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Blue light cystoscopy improves NMIBC detection in all racial groups

News
Article

"Our study showed that regardless of race, BLC increases the detection of bladder cancer when combined with WLC," says Sia Daneshmand, MD.

The addition of blue light cystoscopy (BLC) to white light cystoscopy (WLC) was found to improve the detection of malignant lesions among patients of various races with non–muscle-invasive bladder cancer (NMIBC), according to data published in the journal Cancers.1

Data from the study were collected from the multi-institutional BLC Cysview registry, a real-world, longitudinal evidence study that was established in 2014 by Photocure and is expected to enroll 4400 patients.

Data from the study were collected from the multi-institutional BLC Cysview registry, a real-world, longitudinal evidence study that was established in 2014 by Photocure and is expected to enroll 4400 patients.

"Our study showed that regardless of race, BLC increases the detection of bladder cancer when combined with WLC. These results could identify differences in groups that will lead to improved treatment of underserved minority populations,” said study author Sia Daneshmand, MD, in a news release on the findings.2 Daneshmand is a professor of urology, the director of clinical research, and the urologic oncology fellowship director at the University of Southern California in Los Angeles.

Overall, data from the study showed that the addition of BLC to WLC increased the detection rate of any malignant lesions by 10% across the entire cohort. This increase was even more pronounced among Asian patients, with an increase of 18% following the addition of BLC. Conversely, the increase was least pronounced in Hispanic patients, with an observed 2% increase.

The sensitivity for the combination of BLC and WLC for any malignant lesion was 99%, compared with 88.7% with WLC alone and 95.8% with BLC alone (P < .001). Particularly, the sensitivity of BLC alone was significantly higher than that of WLC alone in White/Caucasian patients, with a sensitivity of 96% with BLC vs 89% with WLC (P < .001). BLC also demonstrated a significantly higher sensitivity in Asian patients at 96%, compared with 78% with WLC alone (P < .001). No significant difference in sensitivity was observed between BLC and WLC among Black/African American patients nor Hispanic patients.

In the detection of tumors with carcinoma in situ (CIS), the sensitivity of BLC significantly outperformed that of WLC among all racial groups assessed (P < .001). In a subgroup analysis, the sensitivity of BLC in detecting tumors with CIS compared with benign lesions was 95% among Black/African American patients, 94% among Asian patients, 93% among White/Caucasian patients, and 80% among Hispanic patients.

In the total population, the positive predictive value (PPV) of BLC was 82%, and the negative predictive value (NPV) was 70%. The PPV of BLC was highest among the Asian population at 94.4%, and the highest NPV was observed among Hispanic patients at 86%.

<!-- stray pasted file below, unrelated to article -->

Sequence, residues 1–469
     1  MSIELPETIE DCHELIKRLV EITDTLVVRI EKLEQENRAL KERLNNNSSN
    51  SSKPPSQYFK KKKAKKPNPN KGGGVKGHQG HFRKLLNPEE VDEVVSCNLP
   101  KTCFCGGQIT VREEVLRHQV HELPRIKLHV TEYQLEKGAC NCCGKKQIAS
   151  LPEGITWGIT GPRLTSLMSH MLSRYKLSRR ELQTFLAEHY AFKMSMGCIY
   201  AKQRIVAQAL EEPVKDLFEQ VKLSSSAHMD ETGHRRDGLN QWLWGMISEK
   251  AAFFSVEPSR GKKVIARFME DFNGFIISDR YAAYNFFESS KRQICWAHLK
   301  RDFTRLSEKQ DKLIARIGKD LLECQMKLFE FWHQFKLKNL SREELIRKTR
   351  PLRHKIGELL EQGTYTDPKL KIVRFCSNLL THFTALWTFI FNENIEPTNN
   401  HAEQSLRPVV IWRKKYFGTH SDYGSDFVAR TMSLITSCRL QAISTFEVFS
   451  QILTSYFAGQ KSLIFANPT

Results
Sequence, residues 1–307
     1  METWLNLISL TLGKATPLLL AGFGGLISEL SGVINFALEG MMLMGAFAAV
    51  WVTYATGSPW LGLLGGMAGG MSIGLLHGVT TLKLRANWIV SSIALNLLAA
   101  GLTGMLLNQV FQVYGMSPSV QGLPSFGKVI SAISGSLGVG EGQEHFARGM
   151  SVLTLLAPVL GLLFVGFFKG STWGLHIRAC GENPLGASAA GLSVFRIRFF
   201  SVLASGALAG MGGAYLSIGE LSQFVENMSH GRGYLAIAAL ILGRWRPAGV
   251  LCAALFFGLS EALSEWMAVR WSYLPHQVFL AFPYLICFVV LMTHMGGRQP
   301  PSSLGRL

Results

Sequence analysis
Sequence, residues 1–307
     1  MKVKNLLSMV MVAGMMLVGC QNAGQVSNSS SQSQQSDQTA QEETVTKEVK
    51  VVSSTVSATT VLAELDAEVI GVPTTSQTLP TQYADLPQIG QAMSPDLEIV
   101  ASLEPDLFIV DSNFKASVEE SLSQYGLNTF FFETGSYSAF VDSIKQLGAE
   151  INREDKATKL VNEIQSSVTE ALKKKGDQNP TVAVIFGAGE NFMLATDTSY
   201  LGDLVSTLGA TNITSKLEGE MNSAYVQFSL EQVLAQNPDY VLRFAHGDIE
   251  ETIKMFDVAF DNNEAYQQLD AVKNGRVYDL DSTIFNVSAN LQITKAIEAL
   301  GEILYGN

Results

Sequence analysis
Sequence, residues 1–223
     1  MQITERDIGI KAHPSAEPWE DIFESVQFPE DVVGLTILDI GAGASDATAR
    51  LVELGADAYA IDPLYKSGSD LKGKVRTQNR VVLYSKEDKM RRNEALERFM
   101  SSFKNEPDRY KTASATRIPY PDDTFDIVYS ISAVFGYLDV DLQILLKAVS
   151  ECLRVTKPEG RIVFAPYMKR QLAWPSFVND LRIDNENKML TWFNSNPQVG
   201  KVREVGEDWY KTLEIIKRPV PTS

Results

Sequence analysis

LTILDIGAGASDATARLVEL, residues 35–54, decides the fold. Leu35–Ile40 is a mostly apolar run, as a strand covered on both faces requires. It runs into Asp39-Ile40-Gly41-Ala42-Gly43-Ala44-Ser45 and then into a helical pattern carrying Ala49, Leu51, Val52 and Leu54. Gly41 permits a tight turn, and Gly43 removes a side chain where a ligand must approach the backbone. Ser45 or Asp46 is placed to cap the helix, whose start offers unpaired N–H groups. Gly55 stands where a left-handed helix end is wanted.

Regarding safety with the instillation of hexaminolevulinate (HAL) with BLC, the investigators observed minor adverse events (AEs) in 17 patients, which included bladder and urinary tract pain. None of these AEs were definitively attributed to HAL instillation, and all 17 patients were White/Caucasian. No AEs were observed among patients of other races.

In total, investigators in the study assessed 2379 lesions/tumors from 1292 adult patients who underwent transurethral resection of bladder tumor (TURBT) or biopsy with BLC and WLC between 2014 and 2021. Among all patients, 1095 (85%) were White/Caucasian, 96 (7%) were Black/African American, 51 (4%) were Asian, and 50 (4%) were Hispanic.

Data from the study were collected from the multi-institutional BLC Cysview registry (NCT02660645), a real-world, longitudinal evidence study that was established in 2014 by Photocure and is expected to enroll 4400 patients.

The primary outcome measure for the current study was the sensitivity of BLC, WLC, and both in combination in the detection of any malignant lesion on final pathology. Secondary outcome measures included the PPV and NPV of the modalities alone and in combination, as well as adverse events with HAL instillation.

Daneshmand concluded in the news release,2 “Further research is warranted to understand the underlying etiology of these observations, which may ultimately alter interpretation of lesions detected by BLC.”

References

1. Ladi-Seyedian SS, Ghoreifi A, Konety B, et al. Racial difference in detection rate of bladder cancer using blue light cystoscopy: Insights from a multicenter registry. Cancers. 2024;16(7), 1268. doi:10.3390/cancers16071268

2. New publication: Racial difference in detection rate of bladder cancer using blue light cystoscopy. News release. Photocure. Published online March 28, 2024. Accessed March 29, 2024. https://photocure.com/news/new-publication-racial-difference-in-detection-rate-of-bladder-cancer-using-blue-light-cystoscopy-4785638

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